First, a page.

Want to Increase Revenue? Replicate these Winning Strategies

 In Featured Stories, Sales and Marketing

Ready to increase your revenue without the significant investment in a new store, or a costly marketing campaign? One of the most dynamic ways businesses can increase revenue is with enhanced customer communication.

Here are five winning strategies successful companies use.

1. Communicate consistently

Customers have the option to shop brick and mortar stores, e-commerce sites and on third-party sellers like Amazon. You cannot rely on one (or even several) positive customer experiences to generate a consistent revenue stream. Successful companies nurture the customer relationship consistently.

Email is an inexpensive way to stay in touch with your customers.  It gives you the ability to notify them of promotions, events, or simply reminding them that they’ve purchased from you. Though the “right” email content and frequency may require a period of “testing and learning” to determine the formula that works for your customers, Entrepreneur reports that most marketers send two to three emails a month.

Monitor your email campaigns for open and unsubscribe rates based on the content, subject line and time of delivery. Eventually you may begin to see patterns around what messages tend to help drive revenue.

2. Acknowledge your customers personally

If a customer spends $1 or $1,000 at your business, they want to feel appreciated and acknowledged. Businesses have long sent customers personalized communications, handwritten letters, and phone calls. High-tech companies like Peloton — a cycling brand that AdWeek recently credited as having transformed the fitness industry thanks to its focus on community — continue to build a loyal customer base with the same tactics. In fact, Peloton’s customers are so loyal they are sometimes referred to as cult-like.

Peloton hit $400 million in sales last year, doubling its 2016 revenue. Part of their strategy involves acknowledging their customers on an individual level. For example, the company sends t-shirts to riders once they log more than 100 rides on the Peloton bike. The company also acknowledges personal news customers share on its official Facebook group page.  These announcements cover everything from pregnancies, a new job or reaching major health goal.

3. Leverage tactics customers already trust

Referral marketing is the technical term for the age-old practice known as “word of mouth” marketing. Once limited to a recommendation given from one friend, peer or acquaintance to another, the channels you can use to develop a referral marketing program have expanded thanks to social media, email, online reviews, and multimedia content such as podcasts.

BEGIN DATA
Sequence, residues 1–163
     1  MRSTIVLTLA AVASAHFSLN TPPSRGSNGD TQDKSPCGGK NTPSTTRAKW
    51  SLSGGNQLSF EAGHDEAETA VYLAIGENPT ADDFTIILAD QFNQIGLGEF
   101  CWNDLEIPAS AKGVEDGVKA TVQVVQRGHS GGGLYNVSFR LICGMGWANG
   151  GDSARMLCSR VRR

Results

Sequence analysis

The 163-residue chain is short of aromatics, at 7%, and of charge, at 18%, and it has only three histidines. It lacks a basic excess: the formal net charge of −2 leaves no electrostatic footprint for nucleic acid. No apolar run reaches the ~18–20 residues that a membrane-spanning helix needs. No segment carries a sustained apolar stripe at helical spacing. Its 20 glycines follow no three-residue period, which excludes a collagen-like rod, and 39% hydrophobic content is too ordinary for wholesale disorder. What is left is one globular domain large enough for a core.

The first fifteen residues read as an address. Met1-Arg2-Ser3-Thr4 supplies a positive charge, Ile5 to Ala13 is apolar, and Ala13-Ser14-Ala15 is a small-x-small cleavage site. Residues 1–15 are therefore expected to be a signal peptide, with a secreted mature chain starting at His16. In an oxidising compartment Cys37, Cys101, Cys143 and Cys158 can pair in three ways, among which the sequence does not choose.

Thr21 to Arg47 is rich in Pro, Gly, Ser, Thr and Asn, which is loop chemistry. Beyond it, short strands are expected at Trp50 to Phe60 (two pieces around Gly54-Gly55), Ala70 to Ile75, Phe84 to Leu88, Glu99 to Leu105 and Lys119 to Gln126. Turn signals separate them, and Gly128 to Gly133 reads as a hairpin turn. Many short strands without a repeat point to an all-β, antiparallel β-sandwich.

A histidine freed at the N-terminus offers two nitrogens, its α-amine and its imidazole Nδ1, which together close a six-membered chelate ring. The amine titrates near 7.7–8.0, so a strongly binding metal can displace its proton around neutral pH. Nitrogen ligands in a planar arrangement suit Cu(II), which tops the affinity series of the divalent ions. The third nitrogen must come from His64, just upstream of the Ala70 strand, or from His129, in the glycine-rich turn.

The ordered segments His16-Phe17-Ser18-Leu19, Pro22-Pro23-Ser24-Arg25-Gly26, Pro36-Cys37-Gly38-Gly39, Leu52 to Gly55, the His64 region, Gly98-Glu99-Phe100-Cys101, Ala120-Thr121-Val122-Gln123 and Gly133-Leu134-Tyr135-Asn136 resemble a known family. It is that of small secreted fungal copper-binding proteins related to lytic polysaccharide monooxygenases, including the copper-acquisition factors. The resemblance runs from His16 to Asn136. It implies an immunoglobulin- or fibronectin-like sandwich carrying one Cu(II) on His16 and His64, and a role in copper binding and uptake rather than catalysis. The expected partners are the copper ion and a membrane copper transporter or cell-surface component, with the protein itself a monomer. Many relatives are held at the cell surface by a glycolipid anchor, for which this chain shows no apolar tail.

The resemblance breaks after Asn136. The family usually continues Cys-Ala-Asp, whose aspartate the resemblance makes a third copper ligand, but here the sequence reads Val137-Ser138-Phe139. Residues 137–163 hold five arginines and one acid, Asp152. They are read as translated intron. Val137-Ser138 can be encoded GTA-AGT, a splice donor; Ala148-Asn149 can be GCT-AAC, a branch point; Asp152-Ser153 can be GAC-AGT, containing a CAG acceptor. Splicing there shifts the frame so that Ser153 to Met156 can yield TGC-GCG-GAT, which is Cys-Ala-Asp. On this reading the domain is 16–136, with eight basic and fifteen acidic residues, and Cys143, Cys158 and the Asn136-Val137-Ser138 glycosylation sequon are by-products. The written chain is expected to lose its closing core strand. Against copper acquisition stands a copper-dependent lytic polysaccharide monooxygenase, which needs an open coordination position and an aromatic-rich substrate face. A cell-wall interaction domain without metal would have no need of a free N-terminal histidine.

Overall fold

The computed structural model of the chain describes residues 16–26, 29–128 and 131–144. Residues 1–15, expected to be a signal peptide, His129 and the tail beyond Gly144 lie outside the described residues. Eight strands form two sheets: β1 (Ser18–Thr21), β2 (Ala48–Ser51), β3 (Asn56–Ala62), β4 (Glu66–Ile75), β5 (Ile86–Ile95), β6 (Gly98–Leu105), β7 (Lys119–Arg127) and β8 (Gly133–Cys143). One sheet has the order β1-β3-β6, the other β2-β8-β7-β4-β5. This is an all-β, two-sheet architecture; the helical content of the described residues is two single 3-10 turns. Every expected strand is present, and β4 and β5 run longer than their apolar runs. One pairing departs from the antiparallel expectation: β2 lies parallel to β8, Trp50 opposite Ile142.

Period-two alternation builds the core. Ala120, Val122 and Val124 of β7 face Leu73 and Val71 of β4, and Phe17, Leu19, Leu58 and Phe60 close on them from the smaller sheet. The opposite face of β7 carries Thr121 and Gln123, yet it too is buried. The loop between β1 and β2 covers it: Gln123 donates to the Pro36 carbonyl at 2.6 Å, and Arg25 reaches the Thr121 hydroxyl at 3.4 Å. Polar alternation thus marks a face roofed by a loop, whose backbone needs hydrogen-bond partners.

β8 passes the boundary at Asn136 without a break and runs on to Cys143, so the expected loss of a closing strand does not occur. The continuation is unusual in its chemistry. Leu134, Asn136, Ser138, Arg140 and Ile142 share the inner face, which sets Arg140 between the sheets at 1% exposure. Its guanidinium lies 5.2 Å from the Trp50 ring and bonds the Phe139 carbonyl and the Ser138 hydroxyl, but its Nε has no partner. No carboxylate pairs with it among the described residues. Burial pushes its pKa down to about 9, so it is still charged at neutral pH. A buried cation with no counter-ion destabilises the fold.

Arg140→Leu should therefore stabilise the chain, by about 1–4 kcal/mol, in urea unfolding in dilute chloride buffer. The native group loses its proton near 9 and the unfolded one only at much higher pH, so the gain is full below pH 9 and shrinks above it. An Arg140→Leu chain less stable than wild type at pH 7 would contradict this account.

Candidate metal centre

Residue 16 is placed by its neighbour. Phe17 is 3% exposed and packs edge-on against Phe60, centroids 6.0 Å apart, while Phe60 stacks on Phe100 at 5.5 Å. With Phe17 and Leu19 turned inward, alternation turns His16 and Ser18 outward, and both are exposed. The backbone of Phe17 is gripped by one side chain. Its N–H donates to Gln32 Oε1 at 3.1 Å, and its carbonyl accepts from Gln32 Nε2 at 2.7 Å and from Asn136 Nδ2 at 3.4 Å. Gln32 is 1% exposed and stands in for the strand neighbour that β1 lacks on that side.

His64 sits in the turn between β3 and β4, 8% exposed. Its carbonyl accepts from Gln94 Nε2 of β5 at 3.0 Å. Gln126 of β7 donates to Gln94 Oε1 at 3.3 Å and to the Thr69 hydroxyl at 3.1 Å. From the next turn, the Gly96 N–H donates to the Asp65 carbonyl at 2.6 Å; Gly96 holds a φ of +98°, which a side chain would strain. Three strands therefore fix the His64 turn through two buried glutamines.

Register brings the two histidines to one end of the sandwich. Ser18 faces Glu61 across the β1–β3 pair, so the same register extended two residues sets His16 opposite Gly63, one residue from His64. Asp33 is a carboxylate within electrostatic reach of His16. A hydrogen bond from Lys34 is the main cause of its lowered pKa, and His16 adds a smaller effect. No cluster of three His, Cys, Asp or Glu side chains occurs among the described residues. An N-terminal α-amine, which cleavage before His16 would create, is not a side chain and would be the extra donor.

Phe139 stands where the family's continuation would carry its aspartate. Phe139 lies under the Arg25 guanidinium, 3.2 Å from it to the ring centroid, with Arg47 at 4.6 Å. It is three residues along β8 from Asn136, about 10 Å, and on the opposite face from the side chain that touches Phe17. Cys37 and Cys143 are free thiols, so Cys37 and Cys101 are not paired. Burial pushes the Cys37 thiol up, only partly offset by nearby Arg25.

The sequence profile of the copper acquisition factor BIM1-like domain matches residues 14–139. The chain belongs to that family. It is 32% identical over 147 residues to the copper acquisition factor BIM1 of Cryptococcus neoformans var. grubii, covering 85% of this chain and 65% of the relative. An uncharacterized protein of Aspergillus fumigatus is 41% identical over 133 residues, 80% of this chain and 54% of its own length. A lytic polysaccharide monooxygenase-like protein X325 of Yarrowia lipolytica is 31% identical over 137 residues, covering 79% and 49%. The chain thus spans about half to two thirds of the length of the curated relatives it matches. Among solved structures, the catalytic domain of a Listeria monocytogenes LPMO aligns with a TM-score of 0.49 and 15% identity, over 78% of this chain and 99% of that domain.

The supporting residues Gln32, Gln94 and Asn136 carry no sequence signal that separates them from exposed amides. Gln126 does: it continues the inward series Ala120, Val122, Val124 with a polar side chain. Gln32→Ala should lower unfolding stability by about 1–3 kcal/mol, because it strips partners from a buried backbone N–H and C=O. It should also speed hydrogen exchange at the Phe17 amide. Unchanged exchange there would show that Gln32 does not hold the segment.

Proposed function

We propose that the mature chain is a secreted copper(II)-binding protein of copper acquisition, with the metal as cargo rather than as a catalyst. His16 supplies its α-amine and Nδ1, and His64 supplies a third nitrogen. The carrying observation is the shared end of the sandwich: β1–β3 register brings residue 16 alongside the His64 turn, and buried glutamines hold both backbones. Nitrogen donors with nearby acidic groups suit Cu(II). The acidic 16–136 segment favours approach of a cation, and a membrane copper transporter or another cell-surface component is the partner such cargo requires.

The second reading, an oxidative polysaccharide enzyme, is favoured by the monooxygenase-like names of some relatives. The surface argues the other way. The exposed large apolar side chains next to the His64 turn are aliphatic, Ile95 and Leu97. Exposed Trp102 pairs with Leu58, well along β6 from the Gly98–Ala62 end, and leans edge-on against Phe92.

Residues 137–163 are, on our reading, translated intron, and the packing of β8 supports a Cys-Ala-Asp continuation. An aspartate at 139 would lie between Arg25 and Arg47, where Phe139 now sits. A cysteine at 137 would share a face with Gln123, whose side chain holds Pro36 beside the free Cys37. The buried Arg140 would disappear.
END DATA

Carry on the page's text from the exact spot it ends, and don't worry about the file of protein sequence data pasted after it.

Referral marketing is credited as the reason cloud-based storage and collaboration tool Dropbox is now a publicly traded company valued at more than $10 billion.

Nielsen’s Global Trust in Advertising Report indicates that 83% of consumers “completely trust” recommendations by a friend or family member, but 66% also trust reviews and recommendations they read online — even from a stranger.

Want to drive revenue from referrals without spending a dime? Don’t discount the power of simply asking customers who know and like your brand to help you spread the word. A simple email that asks customers to review their transaction and provides a link to popular review sites can be executed in a matter of minutes for little to no cost. Asking satisfied customers to refer a friend in exchange for a free item or discount could help you reconnect with customers who haven’t purchased in some time, and gain you new prospects in the process.

4. Use retargeting to your advantage

Ever wondered how you start to see messages related to your online search activity?  Ever notice how this happens even after you’ve stopped browsing for a specific product? It’s a result of retargeting, which was once used only by large corporations (with significant marketing budgets).

Today, retargeting is accessible all businesses, using cookie-based technology and some Javascript that you copy and paste onto your site. Once your site has retargeting code embedded, you can serve personalized ads to people who have visited your website.  These ads can be based on their online search activity — or even as they shop on your competitors’ sites.

If you use retargeting in combination with other tools, like email marketing or social media marketing, you could eventually entice customers to come back to your site to make a purchase. Because retargeting focuses your marketing efforts on the proverbial “low-hanging fruit,” you could see a greater return on your marketing investment compared to less-targeted efforts.

5. Change how your customers see you

Why limit your sales to online when you could also sell products at pop-up shops, trade shows, or in a brick and mortar environment? Why focus on products when you have the knowledge, expertise and skills your customers are willing to pay money to learn?

Shift some of your marketing focus from sales to engaging customers.  Share knowledge that makes their life better, easier, more fulfilling, or more satisfying. Consider how you might engage customers with seminars, workshops, or special events based on their interests. This could also mean finding new opportunities to diversify your income stream, build customer relationships, and drive revenue — all at the same time.

No matter how you decide to supercharge your customer communications, make sure the strategy you use creates value for the customer. Ultimately your customers will tell you what works best for your small business. And, this is why it’s important to test a variety of communication strategies.

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